Probation officer calls County's recidivism rate 'good' at 22 percent
Jul 11, 2012 (San Bernardino County Sun - McClatchy-Tribune Information Services via COMTEX) --
San Bernardino County Chief Probation Officer Michelle Scray on Tuesday described as "good" the 22 percent recidivism rate for certain parolees arrested since a new law took effect shifting their oversight from the state to county probation departments.
Scray said her department can do a better job reducing recidivism rates than the state can.
The Public Safety Realignment Act, or A.B. 109, shifted oversight of parolees deemed by the state Department of Corrections as low-risk offenders -- a determination based on their most recent offense -- from the state to county probation departments on Oct. 1, 2011.
During a presentation to the Board of Supervisors on Tuesday, Scray said 610 parolees under county supervision have been arrested since the law took effect, a recidivism rate of roughly 22 percent by arrest.
It pales in comparison to the state's average of between 65 and 80 percent, Scray said.
"Actually, 22 percent is good, and we're going to continue working to bring that number down," Scray said.
She said most of the parolees who have been arrested, including one on Monday when a probation officer, during a routine check, discovered him in possession of roughly eight pounds of uncut crystal methamphetamine, were among the higher-risk parolees deemed more likely to reoffend.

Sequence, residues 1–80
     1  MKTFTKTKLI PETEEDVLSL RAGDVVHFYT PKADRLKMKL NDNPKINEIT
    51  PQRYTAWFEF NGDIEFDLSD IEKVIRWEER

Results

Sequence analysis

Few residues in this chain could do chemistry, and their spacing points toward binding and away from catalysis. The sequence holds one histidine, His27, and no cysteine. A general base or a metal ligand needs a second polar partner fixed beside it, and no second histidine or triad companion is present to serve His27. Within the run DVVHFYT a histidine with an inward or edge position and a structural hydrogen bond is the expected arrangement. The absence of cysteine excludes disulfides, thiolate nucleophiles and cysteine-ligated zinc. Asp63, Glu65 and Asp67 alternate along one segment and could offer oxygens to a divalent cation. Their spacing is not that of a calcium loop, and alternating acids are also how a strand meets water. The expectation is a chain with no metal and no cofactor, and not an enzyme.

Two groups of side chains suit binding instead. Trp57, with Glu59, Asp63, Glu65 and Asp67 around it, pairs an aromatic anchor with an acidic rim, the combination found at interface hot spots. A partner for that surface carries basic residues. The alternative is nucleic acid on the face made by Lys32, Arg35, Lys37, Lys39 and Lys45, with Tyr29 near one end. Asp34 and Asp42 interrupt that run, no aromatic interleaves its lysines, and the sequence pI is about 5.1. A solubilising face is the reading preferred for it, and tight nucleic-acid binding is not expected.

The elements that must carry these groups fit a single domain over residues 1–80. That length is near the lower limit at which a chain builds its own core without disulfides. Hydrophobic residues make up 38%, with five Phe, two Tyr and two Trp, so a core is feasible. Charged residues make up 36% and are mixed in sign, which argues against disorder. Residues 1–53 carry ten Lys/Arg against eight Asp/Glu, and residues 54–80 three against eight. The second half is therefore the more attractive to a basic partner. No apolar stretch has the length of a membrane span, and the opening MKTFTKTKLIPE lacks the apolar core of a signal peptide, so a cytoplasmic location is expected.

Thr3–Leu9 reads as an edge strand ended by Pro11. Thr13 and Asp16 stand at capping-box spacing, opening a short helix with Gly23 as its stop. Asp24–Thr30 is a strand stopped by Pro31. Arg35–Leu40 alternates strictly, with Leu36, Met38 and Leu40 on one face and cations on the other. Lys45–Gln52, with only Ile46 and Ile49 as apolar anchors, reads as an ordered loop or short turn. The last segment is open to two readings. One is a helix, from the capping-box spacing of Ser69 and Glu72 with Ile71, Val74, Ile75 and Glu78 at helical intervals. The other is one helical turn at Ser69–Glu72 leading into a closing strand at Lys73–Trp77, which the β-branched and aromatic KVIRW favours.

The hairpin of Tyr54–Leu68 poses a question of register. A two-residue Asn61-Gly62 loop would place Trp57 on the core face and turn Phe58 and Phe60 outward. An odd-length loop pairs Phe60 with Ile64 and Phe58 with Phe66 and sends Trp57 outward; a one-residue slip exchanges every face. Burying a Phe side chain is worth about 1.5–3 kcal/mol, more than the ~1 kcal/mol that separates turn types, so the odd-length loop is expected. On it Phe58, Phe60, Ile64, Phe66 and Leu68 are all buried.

The Probation Department continues to push ahead in its efforts, and has hired 48 new officers since October, with 32 more candidates
undergoing training at the academy, with all of the roughly 100 positions expected to be filled by Sept. 28, Scray said.
In addition, three day reporting centers, all of which opened in June but remain in transition, are now providing essential services to parolees under county supervision, including job placement.
Permanent locations are being sought for the centers, and Scray said computers are still needed so people can fill out job applications online, among other tasks. County probation also continues its efforts to partner with community organizations and to build relationships with employers willing to hire the formerly incarcerated.
In the past 12 months, probation officers have made contact with 130,000 offenders, participated in 36 operations or parolee sweeps, took 450 DNA samples, conducted 17,800 searches, confiscated 202 firearms, broke up two drug labs and arrested 2,485 offenders, Scray said.
The Probation Department has strategically placed 25 officers at police and sheriff's stations across the county to better monitor the parolees under county supervision.
"The officers are out there doing their jobs, and our treatment services are in place," Scray said.
Reach Joe via email, call him at 909-386-3874, or find him on Twitter @SBCountyNow.
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